Skinner v. Switzer

  • March 7, 2011
    Guest Post

    By Brandon L. Garrett, a professor at the University of Virginia School of Law.
    The U.S. Supreme Court settled another boundary dispute about what lies inside and what lies outside of habeas corpus today in Skinner v. Switzer. Henry Skinner was convicted and sentenced to death in Texas in 1995 for the murder of his girlfriend and her two sons, whom he lived with. Skinner claimed he was home, but did not commit the murders since he was incapacitated by large amounts of codeine and alcohol. Before trial, the State tested some crime scene evidence, and some of it inculpated Skinner, but some did not. Inexplicably left untested were key pieces of evidence, including knives found at the scene, an axe handle, vaginal swabs, fingernail clippings, and hair samples.

    In the meantime, in 2001 Texas passed a DNA access statute, which makes available post-conviction testing to prisoners who satisfy its criteria, including that there is a "reasonable probability" that the results could change the outcome. The Texas Court of Criminal Appeals repeatedly denied his motions seeking DNA tests on all of those other items. They blamed Skinner's trial lawyer, saying that it was a "reasonable" strategy to fail to request the DNA tests at the time of his trial, since the results might just have further inculpated Skinner. Skinner could be executed without any tests done on that crucial crime scene evidence - unless the federal courts would reverse the rulings by the Texas courts. He brought a civil rights action seeking to do just that, but the State argued federal habeas corpus was the exclusive avenue for such a claim.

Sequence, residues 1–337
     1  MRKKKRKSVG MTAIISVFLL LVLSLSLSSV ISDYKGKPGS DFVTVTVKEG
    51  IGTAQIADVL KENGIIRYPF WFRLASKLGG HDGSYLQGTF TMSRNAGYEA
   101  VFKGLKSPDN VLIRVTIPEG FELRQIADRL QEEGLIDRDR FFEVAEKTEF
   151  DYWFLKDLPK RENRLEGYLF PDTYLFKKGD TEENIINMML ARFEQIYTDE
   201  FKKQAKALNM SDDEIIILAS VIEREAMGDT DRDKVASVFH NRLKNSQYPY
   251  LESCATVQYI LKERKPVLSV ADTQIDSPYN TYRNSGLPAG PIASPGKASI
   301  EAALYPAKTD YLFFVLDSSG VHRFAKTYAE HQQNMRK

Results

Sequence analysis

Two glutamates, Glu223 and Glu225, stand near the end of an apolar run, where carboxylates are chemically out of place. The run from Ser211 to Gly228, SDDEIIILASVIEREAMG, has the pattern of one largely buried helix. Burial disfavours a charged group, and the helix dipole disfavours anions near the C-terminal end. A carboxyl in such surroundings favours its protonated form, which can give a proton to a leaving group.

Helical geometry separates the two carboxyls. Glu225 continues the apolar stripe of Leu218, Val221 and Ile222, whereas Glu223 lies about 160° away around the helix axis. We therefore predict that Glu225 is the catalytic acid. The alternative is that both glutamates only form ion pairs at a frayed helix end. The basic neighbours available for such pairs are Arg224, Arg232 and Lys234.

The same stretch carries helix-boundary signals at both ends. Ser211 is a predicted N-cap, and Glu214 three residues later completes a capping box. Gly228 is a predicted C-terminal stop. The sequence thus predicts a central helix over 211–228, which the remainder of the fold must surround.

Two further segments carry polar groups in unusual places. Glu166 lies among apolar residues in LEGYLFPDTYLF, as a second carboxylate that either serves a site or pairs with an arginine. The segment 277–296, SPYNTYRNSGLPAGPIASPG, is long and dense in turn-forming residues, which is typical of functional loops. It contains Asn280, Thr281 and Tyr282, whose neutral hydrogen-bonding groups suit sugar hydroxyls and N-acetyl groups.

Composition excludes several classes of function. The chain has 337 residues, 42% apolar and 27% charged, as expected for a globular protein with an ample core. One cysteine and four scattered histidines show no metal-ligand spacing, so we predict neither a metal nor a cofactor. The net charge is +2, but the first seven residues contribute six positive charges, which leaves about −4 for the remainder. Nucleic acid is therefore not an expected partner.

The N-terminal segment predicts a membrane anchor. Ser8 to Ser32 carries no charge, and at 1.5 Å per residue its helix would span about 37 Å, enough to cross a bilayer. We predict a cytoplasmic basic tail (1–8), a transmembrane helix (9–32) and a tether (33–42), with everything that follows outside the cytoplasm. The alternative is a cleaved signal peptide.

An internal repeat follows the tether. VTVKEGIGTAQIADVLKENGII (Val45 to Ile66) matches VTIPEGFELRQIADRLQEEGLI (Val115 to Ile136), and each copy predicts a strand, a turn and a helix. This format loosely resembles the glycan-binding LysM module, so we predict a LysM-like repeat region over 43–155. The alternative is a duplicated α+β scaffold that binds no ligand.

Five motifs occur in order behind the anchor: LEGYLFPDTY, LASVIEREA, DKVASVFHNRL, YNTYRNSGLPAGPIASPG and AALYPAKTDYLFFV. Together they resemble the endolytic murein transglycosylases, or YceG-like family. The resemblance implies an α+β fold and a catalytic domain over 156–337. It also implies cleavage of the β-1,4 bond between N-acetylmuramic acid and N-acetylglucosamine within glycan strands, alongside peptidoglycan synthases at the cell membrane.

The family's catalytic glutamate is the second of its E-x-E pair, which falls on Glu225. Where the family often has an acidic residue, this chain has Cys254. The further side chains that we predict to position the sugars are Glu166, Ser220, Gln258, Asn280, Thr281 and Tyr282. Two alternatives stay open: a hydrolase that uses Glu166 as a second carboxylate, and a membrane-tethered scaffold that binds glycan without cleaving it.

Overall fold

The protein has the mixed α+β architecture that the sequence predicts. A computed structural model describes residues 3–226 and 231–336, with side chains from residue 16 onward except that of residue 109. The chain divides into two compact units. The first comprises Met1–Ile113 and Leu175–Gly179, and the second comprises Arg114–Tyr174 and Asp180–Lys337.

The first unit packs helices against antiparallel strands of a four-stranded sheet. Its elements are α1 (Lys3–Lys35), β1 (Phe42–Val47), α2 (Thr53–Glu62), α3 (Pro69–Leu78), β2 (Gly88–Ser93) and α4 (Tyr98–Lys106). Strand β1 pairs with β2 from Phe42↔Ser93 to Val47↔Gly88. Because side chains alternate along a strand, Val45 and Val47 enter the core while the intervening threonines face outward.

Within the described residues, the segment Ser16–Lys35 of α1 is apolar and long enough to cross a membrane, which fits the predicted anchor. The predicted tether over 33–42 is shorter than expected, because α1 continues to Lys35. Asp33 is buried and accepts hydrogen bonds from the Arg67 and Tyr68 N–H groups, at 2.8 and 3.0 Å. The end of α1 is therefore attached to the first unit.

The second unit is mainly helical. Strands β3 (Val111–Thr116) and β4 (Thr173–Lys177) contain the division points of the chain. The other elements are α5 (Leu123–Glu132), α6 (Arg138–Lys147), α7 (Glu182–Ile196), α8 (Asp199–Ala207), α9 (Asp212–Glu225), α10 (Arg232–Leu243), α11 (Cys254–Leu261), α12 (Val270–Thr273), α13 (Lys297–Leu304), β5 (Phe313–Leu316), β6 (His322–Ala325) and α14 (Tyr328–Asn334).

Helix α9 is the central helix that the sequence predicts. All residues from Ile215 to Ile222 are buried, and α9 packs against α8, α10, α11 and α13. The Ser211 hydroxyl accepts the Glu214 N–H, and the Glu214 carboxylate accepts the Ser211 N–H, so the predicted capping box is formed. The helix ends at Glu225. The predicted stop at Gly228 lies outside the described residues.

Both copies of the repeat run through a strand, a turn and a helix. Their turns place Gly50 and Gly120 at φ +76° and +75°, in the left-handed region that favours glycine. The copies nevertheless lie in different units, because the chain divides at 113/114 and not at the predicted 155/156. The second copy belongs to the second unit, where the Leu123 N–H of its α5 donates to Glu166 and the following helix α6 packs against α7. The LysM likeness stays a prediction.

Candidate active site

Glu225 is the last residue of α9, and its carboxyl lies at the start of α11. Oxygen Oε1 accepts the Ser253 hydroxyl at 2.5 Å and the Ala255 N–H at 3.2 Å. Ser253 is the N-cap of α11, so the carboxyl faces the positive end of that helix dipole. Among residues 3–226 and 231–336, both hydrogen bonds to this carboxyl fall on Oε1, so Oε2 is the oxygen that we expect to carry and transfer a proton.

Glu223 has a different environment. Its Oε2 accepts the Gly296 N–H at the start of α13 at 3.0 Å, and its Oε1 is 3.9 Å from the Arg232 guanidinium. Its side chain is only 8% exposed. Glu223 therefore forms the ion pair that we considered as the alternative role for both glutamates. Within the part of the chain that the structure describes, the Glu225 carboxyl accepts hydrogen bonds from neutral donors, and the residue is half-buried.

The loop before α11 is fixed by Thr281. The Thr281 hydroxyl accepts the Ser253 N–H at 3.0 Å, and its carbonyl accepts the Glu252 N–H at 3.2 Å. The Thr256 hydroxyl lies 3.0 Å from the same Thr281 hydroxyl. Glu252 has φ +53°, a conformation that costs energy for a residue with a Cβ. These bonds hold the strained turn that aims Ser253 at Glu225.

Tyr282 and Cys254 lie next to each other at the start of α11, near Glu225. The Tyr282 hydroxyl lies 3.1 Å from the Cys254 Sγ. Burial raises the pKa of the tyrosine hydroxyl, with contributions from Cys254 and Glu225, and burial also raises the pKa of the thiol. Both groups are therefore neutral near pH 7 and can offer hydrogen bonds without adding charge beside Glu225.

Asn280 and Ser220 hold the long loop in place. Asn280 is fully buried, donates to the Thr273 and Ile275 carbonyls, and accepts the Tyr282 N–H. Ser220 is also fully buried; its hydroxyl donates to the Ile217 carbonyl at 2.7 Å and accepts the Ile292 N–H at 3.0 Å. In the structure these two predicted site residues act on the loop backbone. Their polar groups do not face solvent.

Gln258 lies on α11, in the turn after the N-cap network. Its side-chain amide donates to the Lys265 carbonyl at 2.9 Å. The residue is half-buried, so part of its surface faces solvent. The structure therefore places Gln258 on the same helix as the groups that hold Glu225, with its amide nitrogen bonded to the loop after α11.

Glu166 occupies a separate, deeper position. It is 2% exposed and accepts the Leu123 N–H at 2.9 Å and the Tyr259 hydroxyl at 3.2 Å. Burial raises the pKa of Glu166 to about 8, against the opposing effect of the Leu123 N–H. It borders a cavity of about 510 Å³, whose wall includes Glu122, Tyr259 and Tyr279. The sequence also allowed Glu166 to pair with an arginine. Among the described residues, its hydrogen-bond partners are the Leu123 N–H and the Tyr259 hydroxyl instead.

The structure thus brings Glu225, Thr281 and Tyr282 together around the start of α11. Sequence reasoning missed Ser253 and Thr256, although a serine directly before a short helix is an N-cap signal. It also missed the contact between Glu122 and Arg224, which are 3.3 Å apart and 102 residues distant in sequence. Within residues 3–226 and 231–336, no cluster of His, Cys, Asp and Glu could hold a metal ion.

These boundary issues did not come up often before. Both the habeas corpus statute, 28 USC § 2254, and the civil rights statute, 42 USC § 1983, provide avenues for litigation of constitutional violations by state actors. Prisoners often used both. However, the habeas statute has been encumbered with a raft of Supreme-Court made restrictions, together with limits added by Congress under the Antiterrorism and Effective Death Penalty Act. While the Court has limited access to remedies under Section 1983 as well, Section 1983 does not have unfair timing rules. If one suffers separate constitutional violations over time, one can bring multiple actions.

    Not so under federal habeas corpus. If new evidence of constitutional violations or of innocence comes to light only years after a conviction, it may be impossible to file a federal habeas petition. Any number of rules, from the AEDPA statute of limitations, to the dreaded "successive petition" rule may rule out access to a federal court. Many of the innocent people who have been exonerated by DNA tests had to wait years to get those tests; they waited on average 15 years to be exonerated. I describe their difficult path to exoneration in a book that has just been published by Harvard University Press, Convicting the Innocent: Where Criminal Prosecutions Go Wrong. More generally, the book explores what went wrong in the first 250 DNA exonerations. Selective testing of the crime scene evidence was just one of many problems with the way that the forensics was handled and presented in the cases of those innocent people.